Edward Troughton and William Simms established a scientific instrument making business in London in 1826.
Edward Troughton (1756-1835) had previously had his own scientific instrument business, inherited from his father. His achievements included a transit telescope for Greenwich Observatory (1816) and the precision surveying instruments for the Ordnance Survey of Britain, Ireland and India. William Simms (1793-1860) had trained as a goldsmith, and began to gain work dividing circles on fine astronomical instruments. When William Simms died in 1860, the business was taken over by his son James and nephew William.
Troughton & Simms's shop in Fleet Street became the hub of the finest scientific instrument making in London, in a period in which there was an expanding demand for precision instruments, for astronomy, surveying and precision measurement. They made instruments for Greenwich Observatory, for imperial surveys and exploring expeditions. When fire destroyed the Houses of Parliament in 1834, the firm was commissioned to create new standard lengths, necessitating 10 years of testing of the remaining measures.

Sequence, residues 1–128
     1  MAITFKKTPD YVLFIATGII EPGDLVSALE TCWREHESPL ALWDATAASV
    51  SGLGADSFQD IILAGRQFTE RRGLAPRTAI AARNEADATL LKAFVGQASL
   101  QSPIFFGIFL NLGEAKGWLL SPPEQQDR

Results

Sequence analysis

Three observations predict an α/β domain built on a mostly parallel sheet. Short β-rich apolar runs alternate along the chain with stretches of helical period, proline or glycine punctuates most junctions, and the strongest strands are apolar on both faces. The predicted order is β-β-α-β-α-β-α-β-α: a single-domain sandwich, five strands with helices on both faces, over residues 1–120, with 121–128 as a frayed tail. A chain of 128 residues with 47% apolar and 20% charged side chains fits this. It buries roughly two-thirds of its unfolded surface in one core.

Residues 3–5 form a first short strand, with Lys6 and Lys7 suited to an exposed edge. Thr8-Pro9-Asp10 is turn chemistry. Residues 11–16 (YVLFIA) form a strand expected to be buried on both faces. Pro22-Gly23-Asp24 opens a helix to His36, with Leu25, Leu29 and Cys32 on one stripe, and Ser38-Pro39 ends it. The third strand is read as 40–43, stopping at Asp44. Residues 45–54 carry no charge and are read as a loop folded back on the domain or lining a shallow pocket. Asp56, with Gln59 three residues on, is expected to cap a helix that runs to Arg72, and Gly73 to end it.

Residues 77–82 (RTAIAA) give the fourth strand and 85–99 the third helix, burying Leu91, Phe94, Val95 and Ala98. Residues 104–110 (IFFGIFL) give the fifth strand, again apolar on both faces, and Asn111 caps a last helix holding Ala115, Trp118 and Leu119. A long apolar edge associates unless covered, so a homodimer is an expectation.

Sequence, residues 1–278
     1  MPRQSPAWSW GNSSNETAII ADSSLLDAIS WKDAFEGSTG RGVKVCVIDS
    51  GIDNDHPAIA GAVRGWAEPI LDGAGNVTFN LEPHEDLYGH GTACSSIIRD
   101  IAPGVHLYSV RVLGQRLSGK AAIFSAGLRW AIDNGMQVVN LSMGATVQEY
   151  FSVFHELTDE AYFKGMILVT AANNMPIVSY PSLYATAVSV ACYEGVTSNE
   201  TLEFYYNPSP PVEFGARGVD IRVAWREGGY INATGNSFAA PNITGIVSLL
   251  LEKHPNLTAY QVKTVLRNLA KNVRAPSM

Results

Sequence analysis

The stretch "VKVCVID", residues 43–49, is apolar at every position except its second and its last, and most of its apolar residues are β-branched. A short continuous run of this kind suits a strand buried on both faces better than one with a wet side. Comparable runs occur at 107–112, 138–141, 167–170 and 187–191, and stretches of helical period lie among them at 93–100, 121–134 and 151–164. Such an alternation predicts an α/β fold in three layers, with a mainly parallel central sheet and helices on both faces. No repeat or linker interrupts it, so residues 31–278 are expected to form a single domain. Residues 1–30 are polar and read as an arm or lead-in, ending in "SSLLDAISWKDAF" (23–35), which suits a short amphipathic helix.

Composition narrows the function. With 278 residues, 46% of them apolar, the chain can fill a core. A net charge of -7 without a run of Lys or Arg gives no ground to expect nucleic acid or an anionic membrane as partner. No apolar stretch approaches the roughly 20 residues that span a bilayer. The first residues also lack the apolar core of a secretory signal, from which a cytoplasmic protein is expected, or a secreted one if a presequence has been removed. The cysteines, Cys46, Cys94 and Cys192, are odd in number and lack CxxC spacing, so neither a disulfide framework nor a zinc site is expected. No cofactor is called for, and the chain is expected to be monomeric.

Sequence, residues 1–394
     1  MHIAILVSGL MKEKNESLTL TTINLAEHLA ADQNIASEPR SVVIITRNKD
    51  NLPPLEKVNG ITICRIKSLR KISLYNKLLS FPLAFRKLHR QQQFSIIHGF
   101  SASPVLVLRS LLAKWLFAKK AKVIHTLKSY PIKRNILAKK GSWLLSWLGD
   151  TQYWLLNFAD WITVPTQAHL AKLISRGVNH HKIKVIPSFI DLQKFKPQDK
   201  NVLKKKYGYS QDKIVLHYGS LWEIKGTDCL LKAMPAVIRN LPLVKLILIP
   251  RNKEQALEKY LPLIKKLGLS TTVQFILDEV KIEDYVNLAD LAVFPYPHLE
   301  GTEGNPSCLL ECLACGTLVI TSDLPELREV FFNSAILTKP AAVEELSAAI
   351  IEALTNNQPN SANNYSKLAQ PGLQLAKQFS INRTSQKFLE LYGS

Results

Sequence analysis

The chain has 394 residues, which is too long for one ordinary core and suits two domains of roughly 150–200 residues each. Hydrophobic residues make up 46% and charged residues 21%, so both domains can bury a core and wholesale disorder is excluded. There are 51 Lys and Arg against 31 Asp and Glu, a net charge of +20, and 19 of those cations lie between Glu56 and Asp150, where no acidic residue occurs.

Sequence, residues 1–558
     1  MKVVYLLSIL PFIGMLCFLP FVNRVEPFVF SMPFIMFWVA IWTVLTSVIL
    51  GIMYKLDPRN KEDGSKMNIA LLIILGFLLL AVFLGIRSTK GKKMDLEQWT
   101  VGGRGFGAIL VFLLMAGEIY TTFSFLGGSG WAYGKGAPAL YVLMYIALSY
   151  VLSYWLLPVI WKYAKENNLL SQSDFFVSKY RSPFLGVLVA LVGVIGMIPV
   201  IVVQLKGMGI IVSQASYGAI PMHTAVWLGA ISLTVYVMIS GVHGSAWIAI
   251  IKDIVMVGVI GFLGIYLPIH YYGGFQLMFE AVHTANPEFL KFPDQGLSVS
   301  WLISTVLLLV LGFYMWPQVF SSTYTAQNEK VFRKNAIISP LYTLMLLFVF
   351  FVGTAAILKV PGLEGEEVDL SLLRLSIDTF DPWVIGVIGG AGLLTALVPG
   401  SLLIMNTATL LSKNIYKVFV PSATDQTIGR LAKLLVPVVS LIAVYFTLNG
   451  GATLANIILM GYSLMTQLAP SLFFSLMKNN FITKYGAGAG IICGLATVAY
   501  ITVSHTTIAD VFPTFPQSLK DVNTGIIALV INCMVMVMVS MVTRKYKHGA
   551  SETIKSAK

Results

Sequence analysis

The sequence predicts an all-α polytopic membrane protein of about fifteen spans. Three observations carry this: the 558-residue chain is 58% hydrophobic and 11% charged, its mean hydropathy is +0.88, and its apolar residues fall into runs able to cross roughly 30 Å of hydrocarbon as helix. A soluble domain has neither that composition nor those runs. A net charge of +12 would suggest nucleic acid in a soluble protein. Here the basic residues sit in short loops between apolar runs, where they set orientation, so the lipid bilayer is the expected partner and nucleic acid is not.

Troughton & Simms made several of the main instruments for Melbourne Observatory, including an 18 inch altazimuth used on the Geodetic Survey, portable transit instrument (circa 1850), zenith sector (1860), 4.5 inch equatorial telescope (1862), 8 inch equatorial telescope (1874), spectroscope (1877), and 8 inch transit instrument (1884).
While they had an excellent reputation for quality, the firm exasperated many of their customers with delays of years in delivering some instruments.
McConnell, Anita (1992). Instrument Makers to the World: A History of Cooke, Troughton & Simms, York: William Sessions Limited.